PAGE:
1. Suffering.—Men felt the pressure of its mystery. It seemed to belie the goodness of God, to darken the heaven of His love, and prove sin to be irresistible. Its shadow rested on the ages of the past, and projected itself with a grim certainty into the future. Now suffering, in all its deepest dreadfulness, Christ endured. He became the high priest of sorrow. He grew glorious through it. “He was perfected through sufferings,” and thus revealed it to man as the education of a Father.

2. Death.—The great mystery, the spoiler of human hopes, the divider of friend from friend, the sign-manual of sin’s dominion. He became subject to its power. It seemed to conquer Him. It seemed to divide Him from the Father, but really it was the pledge of their eternal union.

III. Christ’s conquest as a pledge of victory for man.

1. The fact itself is a power.—We are strengthened by the belief that some one has known our difficulties and subdued them. This lies at the root of all true “hero worship.” like us Christ fought. By a strength which we may share He conquered. Look at the early Church when the meaning of this fact was revealed by the descending Comforter.

2. Christ is God’s promise.—Through His life God speaks to us now.

3.Christ is a present friend.—We do not always realise His presence, but sometimes amid the pauses of the battle we feel Him near in that “peace which passeth all understanding,” and hear Him saying, “Be faithful unto death,” etc. (Revelation 2:0). This then is the sublime position of the Christian warrior. In his life the war of worlds is gleaming. He is fighting in a battle which is the heritage of the ages. He is wrestling with “principalities and powers.”. He is following in the track of the great Captain who has passed before him into the heavens. The condition of victory is, “To him that overcometh will I grant to sit with Me on My throne,” etc.—E. L. Hull, B.A.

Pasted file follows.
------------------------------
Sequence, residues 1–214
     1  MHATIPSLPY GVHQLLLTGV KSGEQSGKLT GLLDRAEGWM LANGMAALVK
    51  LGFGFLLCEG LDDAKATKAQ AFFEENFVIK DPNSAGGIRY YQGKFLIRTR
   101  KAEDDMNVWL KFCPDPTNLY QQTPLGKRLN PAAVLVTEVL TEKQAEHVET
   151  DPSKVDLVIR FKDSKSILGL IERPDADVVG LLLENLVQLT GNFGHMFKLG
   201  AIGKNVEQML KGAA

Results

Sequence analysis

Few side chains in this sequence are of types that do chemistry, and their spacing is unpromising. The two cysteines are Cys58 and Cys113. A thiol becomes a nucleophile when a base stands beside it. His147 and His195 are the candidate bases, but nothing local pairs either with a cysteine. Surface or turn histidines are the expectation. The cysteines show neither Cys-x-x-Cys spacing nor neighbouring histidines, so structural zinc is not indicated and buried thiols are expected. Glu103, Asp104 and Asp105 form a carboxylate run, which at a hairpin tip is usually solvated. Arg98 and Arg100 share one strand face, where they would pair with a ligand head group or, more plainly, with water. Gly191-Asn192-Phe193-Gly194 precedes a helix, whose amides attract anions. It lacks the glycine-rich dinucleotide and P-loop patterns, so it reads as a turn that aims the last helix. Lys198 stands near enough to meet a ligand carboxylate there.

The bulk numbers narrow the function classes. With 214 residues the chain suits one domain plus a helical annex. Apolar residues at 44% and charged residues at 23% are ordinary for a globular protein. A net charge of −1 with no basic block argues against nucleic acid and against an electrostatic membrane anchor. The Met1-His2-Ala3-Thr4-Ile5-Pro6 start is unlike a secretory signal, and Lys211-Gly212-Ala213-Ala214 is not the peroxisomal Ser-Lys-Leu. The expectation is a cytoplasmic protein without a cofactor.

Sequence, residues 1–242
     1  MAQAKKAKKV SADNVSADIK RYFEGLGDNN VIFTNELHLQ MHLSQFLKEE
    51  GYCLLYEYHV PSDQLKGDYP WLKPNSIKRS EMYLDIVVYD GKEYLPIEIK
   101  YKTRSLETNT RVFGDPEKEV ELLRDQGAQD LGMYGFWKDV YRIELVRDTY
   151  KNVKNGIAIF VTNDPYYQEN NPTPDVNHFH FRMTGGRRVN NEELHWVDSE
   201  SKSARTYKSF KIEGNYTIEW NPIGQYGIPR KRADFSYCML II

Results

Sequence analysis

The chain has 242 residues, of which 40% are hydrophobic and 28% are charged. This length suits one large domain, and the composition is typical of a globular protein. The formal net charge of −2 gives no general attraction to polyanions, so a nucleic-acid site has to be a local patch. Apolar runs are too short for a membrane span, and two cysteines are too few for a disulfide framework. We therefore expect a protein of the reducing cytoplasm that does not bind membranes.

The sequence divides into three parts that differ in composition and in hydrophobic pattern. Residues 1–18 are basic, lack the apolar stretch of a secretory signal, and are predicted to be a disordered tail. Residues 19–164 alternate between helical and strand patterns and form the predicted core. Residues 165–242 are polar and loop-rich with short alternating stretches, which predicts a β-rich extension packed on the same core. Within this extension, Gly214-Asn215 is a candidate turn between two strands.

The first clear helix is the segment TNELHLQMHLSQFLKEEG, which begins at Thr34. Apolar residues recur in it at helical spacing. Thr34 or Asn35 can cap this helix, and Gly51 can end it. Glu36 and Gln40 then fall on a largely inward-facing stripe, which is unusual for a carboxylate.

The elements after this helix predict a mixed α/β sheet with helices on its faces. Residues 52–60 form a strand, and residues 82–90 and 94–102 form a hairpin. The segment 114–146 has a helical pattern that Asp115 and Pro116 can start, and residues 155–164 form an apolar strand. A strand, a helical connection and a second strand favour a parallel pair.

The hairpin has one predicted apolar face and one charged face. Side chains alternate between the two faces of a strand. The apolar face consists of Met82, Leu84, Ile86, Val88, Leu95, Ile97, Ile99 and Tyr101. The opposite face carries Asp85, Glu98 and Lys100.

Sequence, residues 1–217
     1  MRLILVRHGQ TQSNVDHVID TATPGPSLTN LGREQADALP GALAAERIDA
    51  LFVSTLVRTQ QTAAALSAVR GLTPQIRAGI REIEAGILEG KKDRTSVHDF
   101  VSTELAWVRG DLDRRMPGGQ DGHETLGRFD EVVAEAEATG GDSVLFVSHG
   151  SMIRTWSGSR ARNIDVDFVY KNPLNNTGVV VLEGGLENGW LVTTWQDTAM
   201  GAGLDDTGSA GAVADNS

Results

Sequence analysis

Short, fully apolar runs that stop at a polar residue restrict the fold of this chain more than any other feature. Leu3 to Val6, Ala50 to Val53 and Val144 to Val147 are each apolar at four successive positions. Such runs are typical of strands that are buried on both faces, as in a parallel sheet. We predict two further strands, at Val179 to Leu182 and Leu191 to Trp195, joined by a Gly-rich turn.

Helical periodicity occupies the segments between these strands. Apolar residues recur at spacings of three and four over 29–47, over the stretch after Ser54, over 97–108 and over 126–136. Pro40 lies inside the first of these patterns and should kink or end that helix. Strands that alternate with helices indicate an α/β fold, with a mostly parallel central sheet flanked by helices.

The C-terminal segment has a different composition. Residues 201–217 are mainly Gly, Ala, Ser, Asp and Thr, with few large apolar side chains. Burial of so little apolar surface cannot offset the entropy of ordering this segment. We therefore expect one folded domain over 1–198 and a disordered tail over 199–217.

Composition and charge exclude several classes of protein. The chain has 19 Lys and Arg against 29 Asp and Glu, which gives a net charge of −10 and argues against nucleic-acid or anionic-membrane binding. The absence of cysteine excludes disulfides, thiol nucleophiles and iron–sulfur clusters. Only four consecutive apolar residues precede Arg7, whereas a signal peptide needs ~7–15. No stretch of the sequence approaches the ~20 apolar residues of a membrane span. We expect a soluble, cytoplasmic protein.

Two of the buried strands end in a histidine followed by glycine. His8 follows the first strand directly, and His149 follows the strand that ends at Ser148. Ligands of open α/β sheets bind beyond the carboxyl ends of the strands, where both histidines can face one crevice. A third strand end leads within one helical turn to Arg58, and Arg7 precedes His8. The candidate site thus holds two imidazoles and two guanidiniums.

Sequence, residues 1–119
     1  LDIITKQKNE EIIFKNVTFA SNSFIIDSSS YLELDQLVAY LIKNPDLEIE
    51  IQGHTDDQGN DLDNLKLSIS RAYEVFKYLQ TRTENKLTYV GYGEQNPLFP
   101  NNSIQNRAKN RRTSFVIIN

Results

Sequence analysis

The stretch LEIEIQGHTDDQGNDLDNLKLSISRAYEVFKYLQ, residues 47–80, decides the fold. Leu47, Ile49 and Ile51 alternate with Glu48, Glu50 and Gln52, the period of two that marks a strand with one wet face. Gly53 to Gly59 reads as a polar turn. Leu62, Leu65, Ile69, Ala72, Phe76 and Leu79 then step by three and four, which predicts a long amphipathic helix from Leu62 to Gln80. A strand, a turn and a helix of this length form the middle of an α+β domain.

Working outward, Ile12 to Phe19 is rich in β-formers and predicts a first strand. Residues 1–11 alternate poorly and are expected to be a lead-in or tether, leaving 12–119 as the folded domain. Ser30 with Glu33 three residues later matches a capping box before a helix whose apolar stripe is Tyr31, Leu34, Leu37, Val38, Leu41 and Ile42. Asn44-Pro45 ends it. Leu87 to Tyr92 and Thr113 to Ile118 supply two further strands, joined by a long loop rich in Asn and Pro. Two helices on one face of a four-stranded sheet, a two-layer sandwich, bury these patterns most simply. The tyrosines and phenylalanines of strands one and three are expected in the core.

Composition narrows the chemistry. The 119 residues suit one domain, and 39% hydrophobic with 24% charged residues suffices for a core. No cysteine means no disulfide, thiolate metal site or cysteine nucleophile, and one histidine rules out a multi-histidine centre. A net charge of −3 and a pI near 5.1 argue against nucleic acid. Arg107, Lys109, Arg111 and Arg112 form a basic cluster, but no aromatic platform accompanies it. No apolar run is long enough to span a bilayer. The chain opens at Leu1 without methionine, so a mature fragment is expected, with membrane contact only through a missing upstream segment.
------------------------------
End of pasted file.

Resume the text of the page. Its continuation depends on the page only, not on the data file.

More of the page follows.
John 16:12. Christ’s reticence in teaching truth.—Our Lord Jesus Christ had been engaged for years in instructing His disciples. There never was so constant and skilful a teacher, using every opportunity and every incident. The record of His lessons preserved to us in the four Gospels is a very small part of what He spoke, and yet what a store of truth, new to the world, and divine and everlasting in its reach, is contained in it! But after all these revelations, and now at the close of His ministry, much remains untold. The Teacher is all-wise, but the learners are weak and full of prejudice. The Teacher is so wise that He will not give them more than they can well receive.